What can be done to help the SSA avoid disaster and insolvency? The most likely scenario is diverting part of Social Security’s payroll tax revenues to avoid disability benefit cuts, but this is not a permanent solution in and of itself. Duggan said it often takes a crisis before Congress makes meaningful reform; SSA has all the making of a crisis coming to light one day.

With case hearing dates taking far longer come to fruition and political pressure to deny claims, it is more critical than ever for a claimant to hire competent attorney to represent them as they seek SSA disability benefits. The Law Offices of Harold W. Conick & Associates has more than 30 years of experience in successfully representing clients obtain their disability benefits.

Major illnesses, disability could lead to depression

Illness and disability may cause depression.  (photo by By Austin Ban)
Illness and disability may cause depression. (photo by By Austin Ban)

The effects of a major illness or disability can be devastating. The loss of an ability to move or function in a certain way takes enough of a toll on a human being, as we have seen with many of our clients who successfully apply and win disability benefits through the Social Security Administration.

However, there may be an added effect for those with a major disability: depression.

The Tampa Bay Times spoke with Dr. Nick Dewan, a psychiatrist and medical director for behavioral health, who said they see the impact of depression on those who are disabled or ill every single day.

“Specialists like me see about a quarter of all cases, the ones that are more severe,” Dewan told the Times. “Most of the rest are handled by primary care docs. It’s so common to see depression in the face of illness that [we now have] social workers in primary care offices to create better access to mental health care.”

The more advanced an illness or disability is, the greater the chance there is of depression following. One report cited by the times found that 34 million of those 18 and older in the U.S., 17 percent of the adult population, suffered from depression in addition to a chronic health condition. About 25 percent of cancer patients develop depression, and approximately 33 percent of heart attack patients suffer from it.

No matter what disability or illness someone is suffering from, mental health cannot become an afterthought. It is important to seek treatment for the primary ailment, as well as SSA disability benefits if you cannot work, but don’t forget about mental health. If left untreated, the impact of depression can be life altering.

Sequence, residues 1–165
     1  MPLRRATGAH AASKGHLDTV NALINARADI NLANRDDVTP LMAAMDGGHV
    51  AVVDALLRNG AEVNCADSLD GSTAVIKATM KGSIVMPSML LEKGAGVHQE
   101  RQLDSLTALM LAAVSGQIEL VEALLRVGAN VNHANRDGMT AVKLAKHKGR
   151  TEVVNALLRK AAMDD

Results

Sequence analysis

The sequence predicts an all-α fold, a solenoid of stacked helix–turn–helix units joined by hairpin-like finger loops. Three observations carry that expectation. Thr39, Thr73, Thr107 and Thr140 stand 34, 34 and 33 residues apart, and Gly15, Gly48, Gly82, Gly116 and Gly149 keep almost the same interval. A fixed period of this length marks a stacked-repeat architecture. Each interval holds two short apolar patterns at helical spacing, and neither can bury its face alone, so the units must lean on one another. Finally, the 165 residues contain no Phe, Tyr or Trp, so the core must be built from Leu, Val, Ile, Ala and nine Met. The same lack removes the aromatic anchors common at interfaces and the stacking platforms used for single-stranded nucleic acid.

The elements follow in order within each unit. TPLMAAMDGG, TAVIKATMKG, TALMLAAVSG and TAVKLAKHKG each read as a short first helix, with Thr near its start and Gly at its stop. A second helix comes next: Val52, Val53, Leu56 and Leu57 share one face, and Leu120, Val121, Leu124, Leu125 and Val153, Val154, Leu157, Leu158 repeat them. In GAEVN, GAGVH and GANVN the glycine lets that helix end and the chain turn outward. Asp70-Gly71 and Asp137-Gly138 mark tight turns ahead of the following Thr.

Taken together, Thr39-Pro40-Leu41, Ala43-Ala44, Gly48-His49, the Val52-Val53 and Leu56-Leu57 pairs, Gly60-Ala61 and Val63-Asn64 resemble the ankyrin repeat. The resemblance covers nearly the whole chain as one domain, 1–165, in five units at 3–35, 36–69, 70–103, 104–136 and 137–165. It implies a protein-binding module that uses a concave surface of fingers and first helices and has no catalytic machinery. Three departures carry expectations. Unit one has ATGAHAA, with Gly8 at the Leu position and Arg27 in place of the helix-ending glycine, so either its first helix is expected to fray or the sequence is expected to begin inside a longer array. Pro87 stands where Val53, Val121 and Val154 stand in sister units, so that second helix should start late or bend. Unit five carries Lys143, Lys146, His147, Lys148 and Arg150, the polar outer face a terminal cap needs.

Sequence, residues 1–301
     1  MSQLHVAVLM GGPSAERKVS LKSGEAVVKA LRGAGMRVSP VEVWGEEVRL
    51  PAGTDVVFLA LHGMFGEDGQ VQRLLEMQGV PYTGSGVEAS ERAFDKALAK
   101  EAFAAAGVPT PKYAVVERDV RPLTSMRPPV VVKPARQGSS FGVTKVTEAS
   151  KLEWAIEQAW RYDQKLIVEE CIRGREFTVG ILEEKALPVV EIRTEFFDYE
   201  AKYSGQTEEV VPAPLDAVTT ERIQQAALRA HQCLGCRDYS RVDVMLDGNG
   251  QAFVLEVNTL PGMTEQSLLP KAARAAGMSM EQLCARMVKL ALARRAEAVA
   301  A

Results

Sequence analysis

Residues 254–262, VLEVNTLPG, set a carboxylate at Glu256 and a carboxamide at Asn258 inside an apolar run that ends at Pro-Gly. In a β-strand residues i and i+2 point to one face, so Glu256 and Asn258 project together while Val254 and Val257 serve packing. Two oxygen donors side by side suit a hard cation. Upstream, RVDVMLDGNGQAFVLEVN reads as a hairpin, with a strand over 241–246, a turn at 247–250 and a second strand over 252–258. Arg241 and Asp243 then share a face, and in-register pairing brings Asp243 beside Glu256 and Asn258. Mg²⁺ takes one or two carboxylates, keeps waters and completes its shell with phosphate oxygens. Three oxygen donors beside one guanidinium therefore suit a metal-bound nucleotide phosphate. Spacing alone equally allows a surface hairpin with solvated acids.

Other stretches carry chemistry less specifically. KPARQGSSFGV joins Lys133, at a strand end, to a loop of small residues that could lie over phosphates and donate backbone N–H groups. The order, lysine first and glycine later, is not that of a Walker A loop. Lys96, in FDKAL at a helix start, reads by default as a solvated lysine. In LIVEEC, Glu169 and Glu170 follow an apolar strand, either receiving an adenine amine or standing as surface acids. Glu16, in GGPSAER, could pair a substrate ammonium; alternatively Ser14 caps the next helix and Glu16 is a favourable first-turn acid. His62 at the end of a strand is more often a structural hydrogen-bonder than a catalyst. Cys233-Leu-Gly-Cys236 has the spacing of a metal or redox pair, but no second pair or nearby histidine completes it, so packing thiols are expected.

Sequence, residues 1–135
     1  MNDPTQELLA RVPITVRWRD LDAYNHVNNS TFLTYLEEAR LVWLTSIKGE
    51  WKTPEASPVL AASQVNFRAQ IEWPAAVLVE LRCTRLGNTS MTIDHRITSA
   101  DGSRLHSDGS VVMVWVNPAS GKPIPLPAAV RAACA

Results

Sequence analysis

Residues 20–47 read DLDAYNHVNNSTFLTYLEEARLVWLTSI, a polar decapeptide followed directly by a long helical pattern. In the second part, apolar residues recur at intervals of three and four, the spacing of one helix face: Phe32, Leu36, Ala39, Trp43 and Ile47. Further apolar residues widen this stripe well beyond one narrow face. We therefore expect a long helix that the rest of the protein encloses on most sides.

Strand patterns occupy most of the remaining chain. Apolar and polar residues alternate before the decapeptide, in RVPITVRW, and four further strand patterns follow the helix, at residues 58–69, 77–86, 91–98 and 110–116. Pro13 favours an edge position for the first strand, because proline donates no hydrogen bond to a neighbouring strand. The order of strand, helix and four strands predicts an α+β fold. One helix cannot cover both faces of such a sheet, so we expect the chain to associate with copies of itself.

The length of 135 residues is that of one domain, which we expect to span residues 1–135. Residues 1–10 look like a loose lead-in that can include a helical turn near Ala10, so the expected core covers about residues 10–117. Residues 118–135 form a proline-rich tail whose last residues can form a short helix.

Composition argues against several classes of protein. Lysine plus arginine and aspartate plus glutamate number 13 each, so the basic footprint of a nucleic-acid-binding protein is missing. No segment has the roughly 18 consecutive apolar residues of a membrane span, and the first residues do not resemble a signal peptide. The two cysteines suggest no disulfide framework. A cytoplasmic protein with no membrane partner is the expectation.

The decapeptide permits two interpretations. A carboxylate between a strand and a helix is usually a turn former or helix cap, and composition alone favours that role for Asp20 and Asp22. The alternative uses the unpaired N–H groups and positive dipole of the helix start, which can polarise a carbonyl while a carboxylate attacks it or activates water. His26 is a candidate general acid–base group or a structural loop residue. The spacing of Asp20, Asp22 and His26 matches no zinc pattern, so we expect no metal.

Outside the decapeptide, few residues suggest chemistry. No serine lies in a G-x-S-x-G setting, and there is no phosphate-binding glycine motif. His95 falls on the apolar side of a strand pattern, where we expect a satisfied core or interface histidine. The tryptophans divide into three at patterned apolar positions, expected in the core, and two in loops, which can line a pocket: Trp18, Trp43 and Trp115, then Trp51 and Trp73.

The Law Offices of Harold W. Conick & Associates Ltd. have successfully represented hundreds of clients suffering with depression receive their Social Security disability benefits. While this cannot be the last step to recovery, it may help with medical bills and could kickstart the road to recovery.

Don’t be fooled by SSA misinformation

It's important to have all the information when filing for disability benefits.
It’s important to have all the information when filing for disability benefits.

Oftentimes, clients come into the Law Offices of Harold W. Conick and Associates discouraged by what the Social Security Administration has told them about their disability benefits. Perhaps there has been a denial of their claim, or perhaps they called a local office and didn’t receive the information they needed.

In any case like this, it is important to consult with an attorney to ensure claimants can get what they deserve from their application for disability benefits.

On PBS’ website, Boston University economist Larry Kotlikoff said he receives emails nearly every day “from people who have been misled or misinformed, sometimes terribly,” by the SSA. In an attempt to clear up some of this confusion, Kotlikoff created a blog post to help cut away at much of the misinformation he has heard over time.

While we recommend visiting PBS’ website to read the entire post, one point pertinent to readers of our site is that it is not necessarily true that disabled workers can collect auxiliary benefits, such as window(er), spouse, divorced spouse or other similar benefits.

“Disabled workers are treated as having filed for their retirement benefits,”  Kotlikoff  writes. “This is true before and after they reach full retirement age, at which point their disability benefit is called their full retirement benefit. Filing for your retirement benefit means that you can never collect an auxiliary benefit by itself while letting your retirement benefit grow. Instead, your auxiliary benefit is transformed into your excess auxiliary benefit.”

If you have other questions or concerns about SSA disability benefits, don’t hesitate to contact our offices for the help you deserve.

Veterans hope VA benefits will pay for in vitro fertilization

There’s a 23-year-old law on the books that deems the U.S. Department of Veterans Affairs will not pay for in vitro fertilization for injured veterans. However, this law  is being challenged by veterans and lawmakers from both sides of the political aisle, according to The Washington Post.